Tuesday, November 24, 2009

Packing a lot of chewy conservative goodness into 16 words

This morning, the Crooks and Liars blog page has an ad for a front group called Generation Hope:

Two things struck me about this ad. First, it describes the USPS as run by "Government Bureaucrats;" second, by implication it invites the reader to agree that anything run by "Government Bureaucrats" is by definition a bad thing.

Taking those in reverse order, are Americans really unhappy with the USPS? There's the civic ritual of bitching about postage price bumps every couple of years, but other than that, I think the worst you could say is that most Americans enjoy the luxury of taking it for granted.

(If Americans really cared that much about the price of a stamp, first class rates could come way down if by instituting a small number of standard dimensions for envelopes, rather than insisting on our god-given right to put a stamp on a coconut if we damn well feel like it. Standardized dimensions for first class mail is one of the reasons that mail costs less to send in Japan. But if someone tried to tell Americans that they can't wrap a claw-hammer with a cut-up grocery bag and drop it in the corner mailbox, you'd have FOX's weeping madman calling it a Stalinist takeover plot by that evening.)

The second striking thing about the ad, though, is that the USPS isn't run by "Government Bureaucrats." Hasn't been for almost four decades.

The USPS created during Nixon's first term, in 1970, as an independent agency. It hasn't been funded by tax dollars since the early 1980s. The law creating the USPS specifically declares it to be an "independent establishment of the executive branch of the Government of the United States,"

So, comes the question: Who are these Generation Hope people, anyway, who manage to work a doubtful assumption and a large error of fact into a single 16-word ad?

Hm. "Doubtful assumptions?" "Large errors of fact?" The question almost answers itself, doesn't it?

I followed the links, so you don't have to. According to its home page, Generation Hope "engages, informs and empowers young Americans with facts on the hot topics and political issues impacting 'Generation Y'." It's an offshoot of the League of American Voters, a conservative advocacy group describing itself as "Leading the Fight to Stop Obama Care."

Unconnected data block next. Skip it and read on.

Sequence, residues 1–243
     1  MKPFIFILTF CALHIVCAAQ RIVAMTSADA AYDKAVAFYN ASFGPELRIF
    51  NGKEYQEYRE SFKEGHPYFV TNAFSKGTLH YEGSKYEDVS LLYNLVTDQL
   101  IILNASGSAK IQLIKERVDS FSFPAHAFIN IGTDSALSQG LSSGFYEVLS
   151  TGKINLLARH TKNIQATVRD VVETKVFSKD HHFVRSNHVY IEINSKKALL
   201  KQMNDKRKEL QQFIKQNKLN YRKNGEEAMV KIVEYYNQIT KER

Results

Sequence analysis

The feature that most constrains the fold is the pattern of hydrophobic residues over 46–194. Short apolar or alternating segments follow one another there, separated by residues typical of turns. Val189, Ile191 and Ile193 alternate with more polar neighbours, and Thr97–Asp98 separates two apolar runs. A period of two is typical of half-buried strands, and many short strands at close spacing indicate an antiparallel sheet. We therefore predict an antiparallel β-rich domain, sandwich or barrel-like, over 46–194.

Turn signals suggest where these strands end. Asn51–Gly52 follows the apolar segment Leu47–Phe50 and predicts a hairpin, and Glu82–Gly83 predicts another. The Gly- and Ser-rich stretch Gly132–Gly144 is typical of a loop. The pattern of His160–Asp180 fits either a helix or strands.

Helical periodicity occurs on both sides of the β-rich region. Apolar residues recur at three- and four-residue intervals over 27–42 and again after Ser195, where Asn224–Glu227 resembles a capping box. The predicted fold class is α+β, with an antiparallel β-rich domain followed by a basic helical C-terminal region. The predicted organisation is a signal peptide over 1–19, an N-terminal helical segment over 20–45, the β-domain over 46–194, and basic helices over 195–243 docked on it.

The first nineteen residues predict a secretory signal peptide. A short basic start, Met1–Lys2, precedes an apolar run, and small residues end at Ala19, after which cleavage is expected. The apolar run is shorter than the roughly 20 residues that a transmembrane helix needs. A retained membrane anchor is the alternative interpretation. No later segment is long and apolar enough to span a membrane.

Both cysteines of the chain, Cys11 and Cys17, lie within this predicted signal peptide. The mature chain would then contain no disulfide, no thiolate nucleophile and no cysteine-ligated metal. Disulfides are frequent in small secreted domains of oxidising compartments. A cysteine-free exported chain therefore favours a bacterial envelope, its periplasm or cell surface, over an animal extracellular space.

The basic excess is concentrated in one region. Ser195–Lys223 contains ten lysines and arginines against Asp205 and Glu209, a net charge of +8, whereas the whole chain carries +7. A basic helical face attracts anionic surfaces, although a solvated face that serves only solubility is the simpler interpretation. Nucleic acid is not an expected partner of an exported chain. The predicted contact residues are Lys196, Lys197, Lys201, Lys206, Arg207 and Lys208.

(The ad was placed at C&L by Google Ads, which places ads according to keywords found at the site. Google Ads can be comically indifferent to what's being said about the content, leading to oddities like this.)

Generation Y is the loosey-goosey demographic category including those Americans born between the late 1970s and late 1990s.

This ad's target--Generation Y'ers--is a cohort that never knew the US Post Office when it was a cabinet-level part of the government. For them, it's always been an independent entity (albeit one with a state-granted monopoly on delivering first-class mail). So the Operation Hope attempt to use the USPS as the boogie man isn't likely to spook them much. In truth, Americans of all ages have probably long-since forgotten whether the USPS is independent or government-run.

In fact, if you really put the question to them that way--do you want your health care run like the post office?--I imagine a lot of people would like to see health care work like the mail: You buy stamps for a fixed price and use them when you want, you leave your mail outside your door or at any of several drop points in your neighborhood, and it magically disappears and winds up at its destination a few days later. You don't need an appointment. You won't get billed later. You won't have to call customer service to find out why it never arrived or was mis-routed. It all works seamlessly, and almost invisibly. And you can never lose your right to use the mail.

Hell, I'd love to have my health care work like the mail. Where do I sign up?

I've written before about the inability of modern conservatives to understand how the world looks to anyone but themselves. This ad's another example, I think. It's a half-expressed assumption that all conservatives currently agree with, wrapped in a falsehood that only a conservative would care enough to concoct, sent out to motivate an audience that is unlikely to get it.

1 comment:

Chuck Butcher said...

The saving grace of today's conservatives is that they really are the intellectual equivelants of Sarah Palin, the drawback is the 25% or so of voters that also match that description.